The preferred method of Transmitting (TX) and Receiving (RX) a radio signal is most often by voice message because it is just as easy as talking on a cell phone. But if you’ve ever tried to listen to your favorite radio show during a thunderstorm, you know how atmospheric static can reduce a broadcast to an unintelligible blast of irritation.
In pre-television days, when commercial broadcasts were over AM radio bands the static was often hopeless but, when FM radio came along, the problem was less severe and communication was much improved.
Even earlier than that, though – in the earliest days of wireless radio transmissions (about the end of World War I) the “Morse code,” developed in 1836 (for transmission over telegraph wires) was transmitted over the air on a “Continuous Wave” (“CW”). (https://en.wikipedia.org/wiki/Continuous_wave)
A message sent by CW can often be received more clearly than if sent by voice in almost any other mode, and it will use far less power in the process.
Granted, power may not be a concern when you’re sipping a ‘cup-of-Joe’ snug in your radio shack, but if you find yourself trying to send an urgent message while you’re huddled between a rock and your Bug-out bag, it would be nice to have a radio that uses less power than the nightlight in that warm, old bathroom you left behind.
In fact, there is an entire arm of the Amateur Radio Hobby that focuses on “low-power” radio operations, called “QRP.” Wikipedia gives full detail on QRP at this link: https://en.wikipedia.org/wiki/QRP_operation and we’ll be discussing more about QRP later.
Amateur radio by Ines S. | Creative Commons 2.0
“CW” Made Easy
When “HamBuddy” first got interested in Ham radio, 60 – 70 years ago – knowing CW was a requirement for getting your first ticket; that is no longer the case. At that time, most of the methods prescribed for learning CW involved a lot of memorizing, and little else.
The memorizing methods have improved somewhat but, rather than open that ball of wax, I will recommend the one I discovered within just the past year. It was developed by Dr. Jessica Parks, an expert in memory and cognition, called the “SKILMAN Introduction to Morse Code” (https://skilman.com/ ).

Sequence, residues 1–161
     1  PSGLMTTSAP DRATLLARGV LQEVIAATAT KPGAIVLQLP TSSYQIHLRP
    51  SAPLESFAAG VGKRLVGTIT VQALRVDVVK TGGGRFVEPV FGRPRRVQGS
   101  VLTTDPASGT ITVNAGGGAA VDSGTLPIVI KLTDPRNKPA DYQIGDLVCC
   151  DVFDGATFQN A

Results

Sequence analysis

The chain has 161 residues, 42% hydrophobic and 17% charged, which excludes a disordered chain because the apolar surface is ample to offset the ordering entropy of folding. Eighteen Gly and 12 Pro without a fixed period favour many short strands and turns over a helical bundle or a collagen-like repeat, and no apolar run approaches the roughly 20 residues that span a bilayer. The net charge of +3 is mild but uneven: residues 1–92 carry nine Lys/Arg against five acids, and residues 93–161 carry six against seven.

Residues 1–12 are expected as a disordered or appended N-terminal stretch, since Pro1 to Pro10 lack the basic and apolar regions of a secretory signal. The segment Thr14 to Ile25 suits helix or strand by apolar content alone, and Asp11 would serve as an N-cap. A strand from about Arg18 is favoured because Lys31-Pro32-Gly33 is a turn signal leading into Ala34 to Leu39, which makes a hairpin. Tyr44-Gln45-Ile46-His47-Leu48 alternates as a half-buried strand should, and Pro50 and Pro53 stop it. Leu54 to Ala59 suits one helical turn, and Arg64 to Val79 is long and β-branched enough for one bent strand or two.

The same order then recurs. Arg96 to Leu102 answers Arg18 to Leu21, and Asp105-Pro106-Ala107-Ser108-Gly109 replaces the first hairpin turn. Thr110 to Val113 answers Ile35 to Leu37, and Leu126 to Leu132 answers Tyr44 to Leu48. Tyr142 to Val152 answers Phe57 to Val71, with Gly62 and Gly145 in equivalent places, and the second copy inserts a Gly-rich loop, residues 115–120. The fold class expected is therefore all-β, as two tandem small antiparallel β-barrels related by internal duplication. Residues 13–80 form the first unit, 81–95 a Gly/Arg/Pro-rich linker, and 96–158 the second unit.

The Skilman program is in two parts, both of which I recommend. The first will teach just about everything you’ll ever need to know about Transmitting/Receiving Morse Code, and the second will help you build your TX/RX speed skills.
What I like about this method, over all earlier ones is Dr. Parks’ use of “Programmed Instruction” techniques that “Tell/Show/Practice/Review” each element of the subject, in a series of short sessions in each of which you learn 3 or 4 new items.
These items include letters, numbers, punctuation marks and “Prosigns” (https://en.wikipedia.org/wiki/Prosigns_for_Morse_code ).
You can judge for yourself if/when you need to review a lesson before you go on to the next lesson, and repeat as many or as often as you wish.
The big advantage that I like about this method is that you can see progress from one lesson to the next and, before you know it, you’ll be testing yourself and ready to proceed on to the speed-building phase.
Before you “tune-out” on the idea of “having to learn” CW, here are a few things to think about:
A CW “transceiver” (transmitter & receiver, in one unit, or “TX/RX”) won’t take up much space in your bug-out bag, and even if you don’t have a transceiver that works, CW still does work for you. Here are a couple examples I’ve heard, from years past:
GI prisoners of the Japanese during WWII could stay in touch from one cell to another by tapping code on the plumbing, or on their prison bars…
When North Korea captured the spy ship, USS Pueblo in 1968 and forced its captain and crew to “confess their guilt” in propaganda films, they were able to get their message of truth out by blinking CW with their eyes, into the camera footage…
When there’s no longer any power available, even from a flashlight to send CW, you can still hold a blanket in front of a campfire and flash the “dots-and-dashes” that make up a code signal.
In daylight, reflecting sunlight off a mirror, or an old CD does the same thing.
Most people will never even try to learn CW but we’ve always thought that every child should be taught at least how to tap or flash the international distress symbol, “SOS.” It is simply, 3 dots, 3 dashes, and 3 dots again, like this:
. . . – – – . . .
O- – –